Terry Teachout, the drama critic for the Wall Street Journal, won acclaim for his previous jazz biography, Pops: A Life of Louis Armstrong (Selection Mar/Apr 2010).
The Topic: Edward Kennedy "Duke" Ellington is generally considered the greatest jazz composer of the 20th century. The son of a butler and the grandson of a slave, Ellington had a middle-class upbringing in Washington, D.C., but he moved to Harlem in 1923. Although he dropped out of high school, he found success first as a visual artist (with a sign-painting business) and then as a self-taught musician. Many of his 1500 compositions have become standards. However, Teachout carefully considers accusations of plagiarism: Ellington borrowed and blended others' styles throughout his career, such as that of prodigy composer Billy Strayhorn, a chief collaborator who has generally been overlooked. From the womanizing to the elusive personality to the career highlights, Duke brings to light Ellington's life.
Gotham. 496 pages. $30. ISBN: 9781592407491
Milwaukee Journal Sentinel
"By Teachout's own admission, he doesn't exactly decode the Duke-the man was never candid enough to honestly reveal himself-but Duke does provide rich context for the story of one of America's singular artists. ... Helpfully, [Teachout] includes a list of 50 'key' Ellington recordings; if you're only casually familiar with his music, it might be worth it to give them a listen before giving Duke a read." CHRIS FORAN
"Mr. Teachout possesses an astonishing familiarity with the music of Ellington and his contemporaries. ... It's a very thorough survey, linear in structure and moving from one hit recording to the next." ROB ZELERS
San Francisco Chronicle
"The personal details are fascinating, but it's the music that counts, and Teachout is especially good at describing and commenting on the compositions of a man who when young also practiced visual art. ... [T]hanks to this frank and sympathetic biography-whose every page is studded with sharp phrases and keen insights-we now seem to know Duke Ellington as well as we ever will or need to." TOM NOLAN
NY Times Book Review
"The facts and stories [Teachout] relates aren't new, but rarely have they had such a compelling narrative flow or ring of reliability. ... Teachout writes in an earthbound style marked by sound scholarship and easy readability." JAMES GAVIN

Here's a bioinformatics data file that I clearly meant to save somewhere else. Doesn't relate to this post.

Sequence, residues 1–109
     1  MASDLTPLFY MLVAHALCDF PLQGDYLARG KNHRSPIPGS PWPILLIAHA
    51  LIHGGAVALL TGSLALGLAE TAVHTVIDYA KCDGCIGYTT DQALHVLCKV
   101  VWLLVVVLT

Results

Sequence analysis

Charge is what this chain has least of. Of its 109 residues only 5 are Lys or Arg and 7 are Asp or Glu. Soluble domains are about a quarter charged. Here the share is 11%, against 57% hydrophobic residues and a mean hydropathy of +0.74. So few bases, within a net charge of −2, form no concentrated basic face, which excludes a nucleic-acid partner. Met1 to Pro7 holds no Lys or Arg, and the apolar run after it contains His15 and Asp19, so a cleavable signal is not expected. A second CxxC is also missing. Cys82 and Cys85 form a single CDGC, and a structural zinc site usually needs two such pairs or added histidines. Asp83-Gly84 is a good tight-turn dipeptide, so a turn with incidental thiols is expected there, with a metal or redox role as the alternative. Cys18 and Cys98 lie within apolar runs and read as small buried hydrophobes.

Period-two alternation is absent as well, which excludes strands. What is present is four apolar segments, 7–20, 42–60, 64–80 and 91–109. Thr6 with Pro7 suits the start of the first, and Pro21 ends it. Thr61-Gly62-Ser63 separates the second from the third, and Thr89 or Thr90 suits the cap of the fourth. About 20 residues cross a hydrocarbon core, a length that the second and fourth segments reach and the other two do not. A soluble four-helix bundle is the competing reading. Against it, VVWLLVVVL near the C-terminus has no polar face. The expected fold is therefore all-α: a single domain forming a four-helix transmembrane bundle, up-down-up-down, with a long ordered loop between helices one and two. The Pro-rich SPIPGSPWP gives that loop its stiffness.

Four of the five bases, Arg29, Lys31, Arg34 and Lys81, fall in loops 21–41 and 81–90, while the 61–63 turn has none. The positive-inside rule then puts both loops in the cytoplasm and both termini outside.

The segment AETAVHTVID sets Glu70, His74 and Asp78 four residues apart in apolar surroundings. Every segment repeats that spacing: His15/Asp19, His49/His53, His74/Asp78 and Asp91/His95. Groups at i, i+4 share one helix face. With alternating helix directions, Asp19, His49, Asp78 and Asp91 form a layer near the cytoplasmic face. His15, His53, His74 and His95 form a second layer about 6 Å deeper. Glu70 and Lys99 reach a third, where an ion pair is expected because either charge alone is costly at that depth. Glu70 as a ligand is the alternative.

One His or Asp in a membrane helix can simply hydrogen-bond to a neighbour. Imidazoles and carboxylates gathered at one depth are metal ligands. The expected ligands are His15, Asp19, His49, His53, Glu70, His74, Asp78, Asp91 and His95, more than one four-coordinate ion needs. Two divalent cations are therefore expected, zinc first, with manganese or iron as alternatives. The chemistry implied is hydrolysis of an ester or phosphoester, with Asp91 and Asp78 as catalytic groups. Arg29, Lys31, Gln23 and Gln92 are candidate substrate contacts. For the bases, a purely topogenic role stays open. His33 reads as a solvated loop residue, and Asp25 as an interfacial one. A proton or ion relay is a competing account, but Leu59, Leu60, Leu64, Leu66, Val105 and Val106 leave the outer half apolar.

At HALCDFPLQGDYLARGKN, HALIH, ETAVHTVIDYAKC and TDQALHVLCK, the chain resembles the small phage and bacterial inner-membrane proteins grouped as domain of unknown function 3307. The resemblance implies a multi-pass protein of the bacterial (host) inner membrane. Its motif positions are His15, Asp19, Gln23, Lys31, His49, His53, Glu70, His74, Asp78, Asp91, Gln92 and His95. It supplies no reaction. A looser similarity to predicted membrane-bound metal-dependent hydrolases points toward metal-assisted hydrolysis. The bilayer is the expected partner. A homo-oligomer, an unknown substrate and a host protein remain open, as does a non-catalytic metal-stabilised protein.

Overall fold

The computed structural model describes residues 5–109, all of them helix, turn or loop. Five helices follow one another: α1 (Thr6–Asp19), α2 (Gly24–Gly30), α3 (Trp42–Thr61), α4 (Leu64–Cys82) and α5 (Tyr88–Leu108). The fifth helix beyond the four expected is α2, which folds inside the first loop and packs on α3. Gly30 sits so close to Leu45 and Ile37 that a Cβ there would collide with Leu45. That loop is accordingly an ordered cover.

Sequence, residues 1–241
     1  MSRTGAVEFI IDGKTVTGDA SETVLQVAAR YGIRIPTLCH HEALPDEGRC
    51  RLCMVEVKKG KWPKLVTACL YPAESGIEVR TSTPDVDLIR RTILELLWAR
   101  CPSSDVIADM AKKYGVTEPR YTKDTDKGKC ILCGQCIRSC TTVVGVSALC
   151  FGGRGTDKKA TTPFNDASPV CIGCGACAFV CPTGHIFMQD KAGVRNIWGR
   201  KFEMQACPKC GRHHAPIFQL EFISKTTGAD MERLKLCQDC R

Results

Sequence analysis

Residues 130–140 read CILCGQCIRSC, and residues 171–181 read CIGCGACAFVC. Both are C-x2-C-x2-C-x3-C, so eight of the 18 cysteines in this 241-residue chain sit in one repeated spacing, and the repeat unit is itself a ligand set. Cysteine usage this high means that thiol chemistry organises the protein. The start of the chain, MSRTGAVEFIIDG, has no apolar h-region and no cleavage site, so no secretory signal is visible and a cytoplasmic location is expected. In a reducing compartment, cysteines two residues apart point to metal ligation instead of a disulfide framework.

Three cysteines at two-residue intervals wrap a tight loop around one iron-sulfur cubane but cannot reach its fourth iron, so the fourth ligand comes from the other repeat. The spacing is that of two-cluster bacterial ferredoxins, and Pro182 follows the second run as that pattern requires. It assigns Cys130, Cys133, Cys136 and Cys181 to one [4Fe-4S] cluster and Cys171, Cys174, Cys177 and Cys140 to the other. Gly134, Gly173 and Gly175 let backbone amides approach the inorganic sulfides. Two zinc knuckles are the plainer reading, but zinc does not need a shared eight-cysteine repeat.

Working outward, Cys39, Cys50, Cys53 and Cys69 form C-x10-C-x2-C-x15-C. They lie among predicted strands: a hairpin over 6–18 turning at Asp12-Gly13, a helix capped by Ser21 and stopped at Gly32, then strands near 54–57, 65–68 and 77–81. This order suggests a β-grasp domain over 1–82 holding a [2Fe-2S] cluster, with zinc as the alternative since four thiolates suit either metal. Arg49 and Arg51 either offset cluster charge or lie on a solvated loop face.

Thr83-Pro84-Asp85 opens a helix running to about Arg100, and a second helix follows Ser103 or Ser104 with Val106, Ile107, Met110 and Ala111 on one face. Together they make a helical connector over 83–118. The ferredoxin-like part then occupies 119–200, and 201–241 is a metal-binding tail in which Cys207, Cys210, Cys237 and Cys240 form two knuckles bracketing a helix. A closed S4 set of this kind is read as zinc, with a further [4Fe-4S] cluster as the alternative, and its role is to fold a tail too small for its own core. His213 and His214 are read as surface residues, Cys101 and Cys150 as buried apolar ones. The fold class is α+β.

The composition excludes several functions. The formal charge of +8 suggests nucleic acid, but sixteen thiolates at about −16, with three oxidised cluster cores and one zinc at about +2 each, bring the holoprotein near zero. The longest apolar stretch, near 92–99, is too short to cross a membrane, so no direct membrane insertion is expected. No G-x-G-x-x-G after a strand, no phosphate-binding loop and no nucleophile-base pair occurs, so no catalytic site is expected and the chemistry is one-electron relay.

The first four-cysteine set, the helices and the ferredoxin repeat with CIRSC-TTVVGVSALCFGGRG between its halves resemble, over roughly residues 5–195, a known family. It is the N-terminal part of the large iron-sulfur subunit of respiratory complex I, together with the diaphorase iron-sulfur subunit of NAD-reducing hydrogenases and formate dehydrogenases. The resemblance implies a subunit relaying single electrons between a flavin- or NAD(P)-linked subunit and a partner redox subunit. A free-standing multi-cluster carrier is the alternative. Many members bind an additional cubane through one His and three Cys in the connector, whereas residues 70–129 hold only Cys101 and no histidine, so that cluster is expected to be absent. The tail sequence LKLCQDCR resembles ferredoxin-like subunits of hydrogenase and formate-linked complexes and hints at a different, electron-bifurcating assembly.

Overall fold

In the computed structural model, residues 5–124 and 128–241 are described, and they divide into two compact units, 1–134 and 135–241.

Tampa Bay Times
"Teachout explores Ellington's personal life, which was earthier and more turbulent than his always elegant on-stage manner, but Duke is really a biography of a band, the Duke Ellington Orchestra, peppered with mini bios of its many eminent members over the years. ... Teachout gives us a rich portrait of the man, his music and his era." COLETTE BANCROFT
"While [Louis] Armstrong was open and unguarded, Ellington revealed only what he wanted you to see in an effort to maintain respectability. Not surprisingly, Teachout finds mystery more intriguing than likability." BIL DESOWITZ
"For all of Ellington's achievements, his self-absorption and other personal failings may have led Teachout to view him somewhat sourly. ... [I]t does remind us that our greatest artists are as flawed as we ordinary folk are." DAVID KIRBY
Teachout, himself a jazz bassist, infuses his biographies with technical detail-so much so that they may prove taxing for the lay reader who is unfamiliar with musical terminology. Those readers-in fact, all-would have enjoyed a companion compact disc that could serve as a soundtrack and give aural examples of Teachout's discussions. Still, Teachout's writing is knowledgeable and chronological, giving a clear picture of the period of time, as well as of Ellington's wider African-American context. Duke also relies heavily on archival interviews, including one with Duke's son, Mercer Ellington, which adds valuable perspective. As with Pops, Teachout provides a nuanced perspective on a flawed and sometimes troubled life.
By Terry Teachout